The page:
“The amazing entries from the HP Mars Home Planet challenge give us a virtual window into what life on Mars could be like for a million members of humanity,” says judge Dr. Darlene Lim, a geobiologist and principal investigator, NASA Biologic Analog Science. “Technological advancement is being met by a broad array of foundational space science and planetary research—a confluence that will optimistically serve to accelerate our path toward human exploration and settlement of Mars.”

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Aug 22, 2018

Google’s Plan for Toronto Takes Shape as Privacy Questions Persist

Posted by in categories: government, innovation

Prime Minister Justin Trudeau has proudly declared that Toronto’s Quayside will become “a testbed for new technologies” thanks to its partnership with Google’s urban innovation wing, Sidewalk Labs. But amid new public round tables, key parts of the proposal remain hidden and three government partners have resigned.

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Aug 22, 2018

The Universe Is Disappearing, And There’s Nothing We Can Do To Stop It

Posted by in category: space

With every second that goes by, tens of thousands of star disappear from our reach. And it’s getting worse.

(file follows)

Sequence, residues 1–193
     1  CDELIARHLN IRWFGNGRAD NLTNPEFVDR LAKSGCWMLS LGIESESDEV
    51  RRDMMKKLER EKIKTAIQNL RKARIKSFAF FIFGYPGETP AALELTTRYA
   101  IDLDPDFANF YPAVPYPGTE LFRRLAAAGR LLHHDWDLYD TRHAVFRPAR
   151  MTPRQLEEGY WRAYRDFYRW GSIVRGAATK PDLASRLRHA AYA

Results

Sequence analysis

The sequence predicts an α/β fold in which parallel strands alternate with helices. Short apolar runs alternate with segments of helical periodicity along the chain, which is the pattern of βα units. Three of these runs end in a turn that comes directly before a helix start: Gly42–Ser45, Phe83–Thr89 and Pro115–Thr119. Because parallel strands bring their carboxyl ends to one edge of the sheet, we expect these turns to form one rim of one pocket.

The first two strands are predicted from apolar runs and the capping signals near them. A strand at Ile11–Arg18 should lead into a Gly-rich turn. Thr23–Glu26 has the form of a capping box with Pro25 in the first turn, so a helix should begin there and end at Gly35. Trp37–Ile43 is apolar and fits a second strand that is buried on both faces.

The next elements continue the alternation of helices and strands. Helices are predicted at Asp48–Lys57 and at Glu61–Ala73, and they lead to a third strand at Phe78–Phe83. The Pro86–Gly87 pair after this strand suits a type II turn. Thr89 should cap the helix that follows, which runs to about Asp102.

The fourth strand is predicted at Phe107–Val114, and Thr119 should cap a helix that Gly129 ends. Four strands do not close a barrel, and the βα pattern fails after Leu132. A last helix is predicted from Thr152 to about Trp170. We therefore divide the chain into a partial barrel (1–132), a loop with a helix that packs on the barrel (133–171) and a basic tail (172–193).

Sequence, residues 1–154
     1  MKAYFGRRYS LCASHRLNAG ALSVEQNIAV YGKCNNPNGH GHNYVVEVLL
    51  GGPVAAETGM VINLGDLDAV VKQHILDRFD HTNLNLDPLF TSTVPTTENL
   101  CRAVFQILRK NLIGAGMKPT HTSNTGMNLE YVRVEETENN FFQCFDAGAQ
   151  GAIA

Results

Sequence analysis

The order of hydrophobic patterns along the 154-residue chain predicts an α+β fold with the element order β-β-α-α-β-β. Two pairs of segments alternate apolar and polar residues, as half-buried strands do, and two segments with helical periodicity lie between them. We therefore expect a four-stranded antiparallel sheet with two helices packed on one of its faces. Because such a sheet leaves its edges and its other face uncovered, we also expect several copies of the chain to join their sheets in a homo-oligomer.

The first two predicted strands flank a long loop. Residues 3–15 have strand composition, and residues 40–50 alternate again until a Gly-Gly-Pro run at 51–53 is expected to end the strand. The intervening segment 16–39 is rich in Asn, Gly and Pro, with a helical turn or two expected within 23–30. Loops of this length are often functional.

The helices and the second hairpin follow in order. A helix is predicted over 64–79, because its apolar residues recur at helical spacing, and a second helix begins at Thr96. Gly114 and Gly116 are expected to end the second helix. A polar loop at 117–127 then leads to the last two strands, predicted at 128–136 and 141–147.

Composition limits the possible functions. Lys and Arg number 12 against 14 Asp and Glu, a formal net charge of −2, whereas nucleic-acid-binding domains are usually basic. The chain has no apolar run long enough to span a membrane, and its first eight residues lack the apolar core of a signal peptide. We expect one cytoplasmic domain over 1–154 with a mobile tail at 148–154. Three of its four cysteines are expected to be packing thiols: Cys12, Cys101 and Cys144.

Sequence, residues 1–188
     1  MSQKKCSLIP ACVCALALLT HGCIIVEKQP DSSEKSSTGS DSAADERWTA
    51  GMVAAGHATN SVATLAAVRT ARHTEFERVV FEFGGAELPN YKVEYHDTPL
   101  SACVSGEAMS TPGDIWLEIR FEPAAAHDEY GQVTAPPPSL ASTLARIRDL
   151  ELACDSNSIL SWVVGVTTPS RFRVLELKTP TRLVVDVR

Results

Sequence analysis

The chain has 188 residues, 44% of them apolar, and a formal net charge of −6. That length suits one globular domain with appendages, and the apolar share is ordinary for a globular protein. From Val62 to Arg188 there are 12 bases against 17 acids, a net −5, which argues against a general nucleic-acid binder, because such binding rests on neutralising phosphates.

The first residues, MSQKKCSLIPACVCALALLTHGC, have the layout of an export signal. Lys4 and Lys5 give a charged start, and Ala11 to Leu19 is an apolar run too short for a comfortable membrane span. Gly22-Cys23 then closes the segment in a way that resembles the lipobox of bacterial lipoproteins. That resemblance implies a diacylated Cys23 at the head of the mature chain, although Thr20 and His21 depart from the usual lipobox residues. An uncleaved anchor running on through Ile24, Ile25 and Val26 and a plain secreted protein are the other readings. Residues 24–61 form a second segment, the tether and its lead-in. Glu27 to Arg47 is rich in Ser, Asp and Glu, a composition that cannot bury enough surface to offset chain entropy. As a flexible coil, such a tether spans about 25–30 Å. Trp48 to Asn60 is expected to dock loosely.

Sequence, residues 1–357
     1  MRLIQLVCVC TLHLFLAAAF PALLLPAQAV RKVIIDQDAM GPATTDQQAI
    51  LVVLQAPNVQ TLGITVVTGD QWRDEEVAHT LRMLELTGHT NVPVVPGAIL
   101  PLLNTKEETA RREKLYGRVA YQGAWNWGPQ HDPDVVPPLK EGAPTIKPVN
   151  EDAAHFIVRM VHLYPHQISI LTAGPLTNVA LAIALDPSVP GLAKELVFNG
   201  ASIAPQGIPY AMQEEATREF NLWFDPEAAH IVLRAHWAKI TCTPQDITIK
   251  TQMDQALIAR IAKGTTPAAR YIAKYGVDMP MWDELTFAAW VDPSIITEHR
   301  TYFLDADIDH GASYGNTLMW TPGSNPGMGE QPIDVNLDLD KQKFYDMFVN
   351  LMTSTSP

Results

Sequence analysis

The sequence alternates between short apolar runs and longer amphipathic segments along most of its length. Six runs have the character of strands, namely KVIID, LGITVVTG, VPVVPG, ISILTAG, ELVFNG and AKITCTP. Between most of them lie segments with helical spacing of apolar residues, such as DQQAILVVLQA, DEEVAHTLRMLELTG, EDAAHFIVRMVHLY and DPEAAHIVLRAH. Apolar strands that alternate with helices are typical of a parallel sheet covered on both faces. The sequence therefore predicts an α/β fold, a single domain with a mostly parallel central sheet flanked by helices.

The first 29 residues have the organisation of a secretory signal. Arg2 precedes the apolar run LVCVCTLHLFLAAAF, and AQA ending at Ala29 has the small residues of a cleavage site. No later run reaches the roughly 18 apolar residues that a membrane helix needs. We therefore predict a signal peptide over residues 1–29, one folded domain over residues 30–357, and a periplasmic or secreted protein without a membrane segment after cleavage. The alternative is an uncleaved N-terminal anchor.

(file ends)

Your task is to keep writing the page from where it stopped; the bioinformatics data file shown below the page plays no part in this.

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Aug 22, 2018

The Many Yous

Posted by in category: biotech/medical

If you’ve read some of my latest articles, you might remember that I’ve been spending some time in my hometown. My quasi-holiday is not over yet, but my stay in my hometown pretty much is; I’m leaving in a few hours.

During my stay, I’ve told my girlfriend many times that wandering around my hometown feels like having someone else’s memories implanted in my head. I’ve never considered myself too attached to the place where I grew up, but after years of absence, I’ve become even less so. It’s like the place doesn’t have an effect on me anymore; it can’t really influence me. I know my way around it and I remember where landmarks and things are, but there’s little emotional connection left. It’s almost like being a tourist. Even my own room, which used to be pretty much my realm up until I was 18, now feels just like any regular room—in no small part because it has changed quite a bit since then. Given a few more years, I might lose all feelings for the place.

This shouldn’t be a surprise. Your feelings for places and people change and sometimes fade away altogether, over the years. This happens within currently normal lifetimes; what is going to happen if and when our lives last for centuries?

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Aug 22, 2018

Man sues over Google’s “Location History” fiasco, case could affect millions

Posted by in category: futurism

If “Location History” was off, Google said it didn’t keep data—but that’s not true.

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Aug 22, 2018